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|10:10 AM PT11:10 AM MT12:10 PM CT1:10 PM ET13:10 ET17:10 GMT1:10 10:10 AM MST12:10 PM EST12:40 PM VEN21:10 UAE12:10 PM CT, September 23, 2018
Marlins Park, Miami, Florida Attendance: 13,595
Tickets available as Marlins host Reds
MIAMI -- The Miami Marlins, dead last in the major leagues in attendance, conclude their 2018 home schedule Sunday against the Cincinnati Reds.
The Marlins, who are averaging just over 9,000 fans per game, trail the next-worst team, the Tampa Bay Rays, by more than 200,000 in total attendance.
Miami's 2018 attendance is the worst by a major league team since the Expos' final season in Montreal in 2004.
Sunday's home finale likely won't draw big numbers either as the Marlins (61-93) have the worst win-loss record in the National League, and the Reds (66-90) are also a last-place team.
In addition, the Marlins will have to compete with the NFL as the Miami Dolphins -- off to a promising start at 2-0 -- will host the Oakland Raiders on Sunday. The Marlins and the Dolphins are set to start at 1 p.m. ET.
Meanwhile, Marlins CEO Derek Jeter has indicated that manager Don Mattingly will be allowed to return in 2019 to fulfill the final season of his four-year contract.
"Is he going to be back in 2019?" Jeter said when asked. "He's under contract, so yeah."
Jeter, who was used to winning or at least competing for World Series titles during his days as a New York Yankees shortstop, is having to preach patience with this Marlins team.
"Where we are starting from, the only way to go is up," Jeter said. "This is a transitional year for us to learn as much as possible about the organization."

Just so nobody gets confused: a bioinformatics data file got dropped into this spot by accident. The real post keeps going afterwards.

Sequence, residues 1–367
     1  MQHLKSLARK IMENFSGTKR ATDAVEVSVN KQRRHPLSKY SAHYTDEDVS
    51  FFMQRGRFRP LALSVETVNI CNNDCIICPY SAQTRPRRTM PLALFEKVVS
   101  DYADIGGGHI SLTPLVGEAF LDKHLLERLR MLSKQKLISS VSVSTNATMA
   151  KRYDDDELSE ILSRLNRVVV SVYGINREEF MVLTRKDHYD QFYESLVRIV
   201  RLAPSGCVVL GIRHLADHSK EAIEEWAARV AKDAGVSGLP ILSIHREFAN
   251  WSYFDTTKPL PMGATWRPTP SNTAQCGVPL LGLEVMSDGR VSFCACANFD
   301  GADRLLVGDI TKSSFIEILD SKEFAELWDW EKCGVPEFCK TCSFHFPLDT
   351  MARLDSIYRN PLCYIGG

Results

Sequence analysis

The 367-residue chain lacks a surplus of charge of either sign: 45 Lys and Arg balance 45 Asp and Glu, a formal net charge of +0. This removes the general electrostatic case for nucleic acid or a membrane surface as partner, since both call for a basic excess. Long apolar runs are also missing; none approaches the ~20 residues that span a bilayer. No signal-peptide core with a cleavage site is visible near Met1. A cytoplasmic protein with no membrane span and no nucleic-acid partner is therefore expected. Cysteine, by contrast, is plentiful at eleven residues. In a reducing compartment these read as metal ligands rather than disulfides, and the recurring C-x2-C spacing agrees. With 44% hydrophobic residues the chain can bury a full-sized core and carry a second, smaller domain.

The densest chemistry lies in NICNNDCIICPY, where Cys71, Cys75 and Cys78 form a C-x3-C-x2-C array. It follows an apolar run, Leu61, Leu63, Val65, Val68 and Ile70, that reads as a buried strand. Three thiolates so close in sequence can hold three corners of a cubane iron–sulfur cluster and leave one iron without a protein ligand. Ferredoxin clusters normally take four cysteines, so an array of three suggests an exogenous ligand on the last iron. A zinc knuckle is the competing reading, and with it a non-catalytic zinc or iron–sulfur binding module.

In Sunday's game, Miami will start rookie right-hander Trevor Richards (3-9, 4.95 ERA). Cincinnati gives the ball to right-hander Michael Lorenzen (3-1, 3.03).
Richards, who has struck 113 batters in 112 2/3 innings, is known for his changeup, which often gets swings and misses down in the zone.
However, he has not won a game since he beat the Philadelphia Phillies on July 14.
In three starts this month, he is 0-2 with an 11.12 ERA.
Meanwhile, Lorenzen broke into the majors in 2015, pitching in 27 games (21 starts) and posting a 4-9 record with a 5.40 ERA.
But Lorenzen was strictly a reliever in 2016, when he posted a 2-1 record and a 2.88 ERA, and again last year (8-4, 4.45 ERA).
This year, Lorenzen was again a reliever for his first 42 appearances, but in his only start, he allowed one hit, one walk and one run (unearned) in four innings against the Milwaukee Brewers on Tuesday.
It was his first start after having made 151 consecutive relief appearances.
"I've been saying, 'Give me a chance! Give me a chance!'" Lorenzen said after his Reds beat the Brewers 3-1. "They gave me a chance against a good lineup, and I was excited. It was like, 'Man, I better step up'."
Lorenzen, 26, did just that, striking out three batters, inducing weak contact and getting Brewers batters to expand the zone.
Lorenzen, a native of Anaheim, Calif., was the 38th overall pick in the 2014 MLB Draft, selected by the Reds out of Cal State Fullerton.
At 6 feet 3, 215 pounds, Lorenzen can muscle up his fastball, which averages an impressive 95 mph.
He has a 2.63 ERA this month overall and a 2.62 ERA on the road for the season -- two trends that could bode well for him Sunday.
Updated September 22, 2018